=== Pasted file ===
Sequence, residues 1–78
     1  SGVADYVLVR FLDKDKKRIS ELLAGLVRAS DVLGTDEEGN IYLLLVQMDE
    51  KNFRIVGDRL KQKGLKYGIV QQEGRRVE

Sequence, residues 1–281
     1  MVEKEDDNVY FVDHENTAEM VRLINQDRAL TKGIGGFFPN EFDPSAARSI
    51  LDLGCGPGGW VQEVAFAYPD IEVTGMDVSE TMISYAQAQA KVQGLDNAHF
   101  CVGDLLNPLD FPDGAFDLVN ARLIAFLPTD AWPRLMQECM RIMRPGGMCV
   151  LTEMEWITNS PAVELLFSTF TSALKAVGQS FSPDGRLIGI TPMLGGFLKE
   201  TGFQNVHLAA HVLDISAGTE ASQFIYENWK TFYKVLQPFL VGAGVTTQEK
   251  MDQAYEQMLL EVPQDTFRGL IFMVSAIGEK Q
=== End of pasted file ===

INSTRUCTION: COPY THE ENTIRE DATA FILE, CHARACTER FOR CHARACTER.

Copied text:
Sequence, residues 1–78
     1  SGVADYVLVR FLDKDKKRIS ELLAGLVRAS DVLGTDEEGN IYLLLVQMDE
    51  KNFRIVGDRL KQKGLKYGIV QQEGRRVE

Sequence, residues 1–281
     1  MVEKEDDNVY FVDHENTAEM VRLINQDRAL TKGIGGFFPN EFDPSAARSI
    51  LDLGCGPGGW VQEVAFAYPD IEVTGMDVSE TMISYAQAQA KVQGLDNAHF
   101  CVGDLLNPLD FPDGAFDLVN ARLIAFLPTD AWPRLMQECM RIMRPGGMCV
   151  LTEMEWITNS PAVELLFSTF TSALKAVGQS FSPDGRLIGI TPMLGGFLKE
   201  TGFQNVHLAA HVLDISAGTE ASQFIYENWK TFYKVLQPFL VGAGVTTQEK
   251  MDQAYEQMLL EVPQDTFRGL IFMVSAIGEK Q